Oscar season is back, motherf*ckers, and black America is unhappy.
This was supposedly a banner year for black film. But, with the exception of 12 Years a Slave, "our" movies got the nomination shaft — and I don't mean Richard Roundtree. Fruitvale Station? Snubbed. The Butler? Snubbed. A Madea Christmas? Double-snubbed. The Oscar ballot stayed as white as a snowed-in, bad sweater party at Dick Cheney's house. But why do we care so much?
For starters, on-screen portrayals are thought to influence viewers' ideas about "who is important and whose stories are valuable." Considering #Amurica's troubled racial history, the civil rights implications of this are unavoidable. Black folks have endured untold tidal waves of shit since the first slavers tossed our whip-scarred asses onto American soil, yet centuries later, we're still fighting to control how our stories are told. Hollywood's prominence makes it a central part of this conversation — and we need more films like Fruitvale Station in that conversation.
But let's keep things in perspective. The Academy Awards plays a major role in determining which films get made in the future, since nominations and wins generate large revenue increases for all involved. But somewhere along the way, we've convinced ourselves that the Oscars are a meritocratic recognition of cinematic quality. This is bullshit.
Oscar voting works like any other election, and has many of the same problems. Of the voting pool, 94% are white and 77% are male, according to a 2012 Los Angeles Times report which identified more than 5,100 members (89%) of the Academy of Motion Picture Arts and Sciences. Their median age is 62. To become an Academy member, you must either 1) get nominated for an Oscar, 2) apply for membership and get recommended by two members, or 3) get endorsed by the Academy staff or a branch membership committee.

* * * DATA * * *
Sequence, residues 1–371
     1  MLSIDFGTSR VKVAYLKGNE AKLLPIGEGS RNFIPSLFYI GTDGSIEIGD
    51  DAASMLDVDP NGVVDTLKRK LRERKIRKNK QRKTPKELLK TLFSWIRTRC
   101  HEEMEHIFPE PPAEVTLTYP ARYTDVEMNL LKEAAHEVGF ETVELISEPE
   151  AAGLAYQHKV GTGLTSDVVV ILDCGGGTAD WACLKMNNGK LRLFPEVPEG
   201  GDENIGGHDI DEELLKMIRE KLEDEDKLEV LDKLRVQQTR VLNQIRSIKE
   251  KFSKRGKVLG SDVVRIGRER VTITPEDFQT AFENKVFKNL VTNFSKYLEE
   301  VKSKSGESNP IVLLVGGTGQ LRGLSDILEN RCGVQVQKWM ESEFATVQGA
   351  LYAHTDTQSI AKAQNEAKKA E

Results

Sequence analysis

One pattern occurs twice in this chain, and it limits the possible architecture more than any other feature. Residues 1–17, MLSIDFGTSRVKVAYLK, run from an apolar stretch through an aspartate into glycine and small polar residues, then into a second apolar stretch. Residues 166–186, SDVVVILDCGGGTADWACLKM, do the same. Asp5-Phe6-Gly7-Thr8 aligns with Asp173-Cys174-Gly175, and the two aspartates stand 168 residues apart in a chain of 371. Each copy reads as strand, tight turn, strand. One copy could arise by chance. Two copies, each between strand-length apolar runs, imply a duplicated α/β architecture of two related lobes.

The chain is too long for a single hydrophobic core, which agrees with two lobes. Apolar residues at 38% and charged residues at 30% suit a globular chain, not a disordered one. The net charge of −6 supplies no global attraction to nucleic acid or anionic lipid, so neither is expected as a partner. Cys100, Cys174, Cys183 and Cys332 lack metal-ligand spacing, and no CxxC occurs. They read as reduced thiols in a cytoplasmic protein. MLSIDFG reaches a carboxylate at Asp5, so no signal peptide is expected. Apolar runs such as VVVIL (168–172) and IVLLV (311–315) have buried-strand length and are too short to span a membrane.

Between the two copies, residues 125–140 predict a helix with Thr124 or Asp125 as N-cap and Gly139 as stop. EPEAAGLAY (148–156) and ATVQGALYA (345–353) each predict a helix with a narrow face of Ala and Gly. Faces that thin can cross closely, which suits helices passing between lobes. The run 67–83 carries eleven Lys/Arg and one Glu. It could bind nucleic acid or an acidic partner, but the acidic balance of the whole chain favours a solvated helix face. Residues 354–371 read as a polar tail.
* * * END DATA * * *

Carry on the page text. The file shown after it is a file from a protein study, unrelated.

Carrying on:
And membership usually lasts for life, ensuring that the organization functions like an old boys' club from one generation to the next. Diversity is a big problem, and it manifests even in a year when high-quality black films should legitimately be contenders.
But perhaps more telling is how Oscar campaigns work. Gift-giving is prohibited, but when major studios get involved, all bets are off. During Oscar season in 2013, Warner Bros. and Disney spent impressive sums on coffee table books, new iPod shuffles, and hand-signed letters from directors in order to sway Academy voters to endorse their respective films, Argo and Lincoln. Just like in American politics, Oscar votes can be bought. They're often bought along the lines of the Academy's demographics and tastes, too.
Black Americans would do well to remember this. While it's true that an Oscar win would increase the likelihood "our" films continue getting made, our Oscar hang-up causes us to miss a key part of the issue: quality is beside the point. The Oscars are biased towards films that appeal to the exclusive demographic of their voters, often backed by big studios with expensive campaigns behind them. "Snubs" aren't about good movies being overlooked — they're more often about misaligned demographics and cash failing to line the right pockets.
So if viewers really care about Oscar wins, they should shift their arguments away from whether a movie is "good" or "bad." Let's talk about the politics instead — whether it's the blinding whiteness of the Academy or the stacks spent campaigning. That's the conversation we need to be having. And that's when the real progress will begin.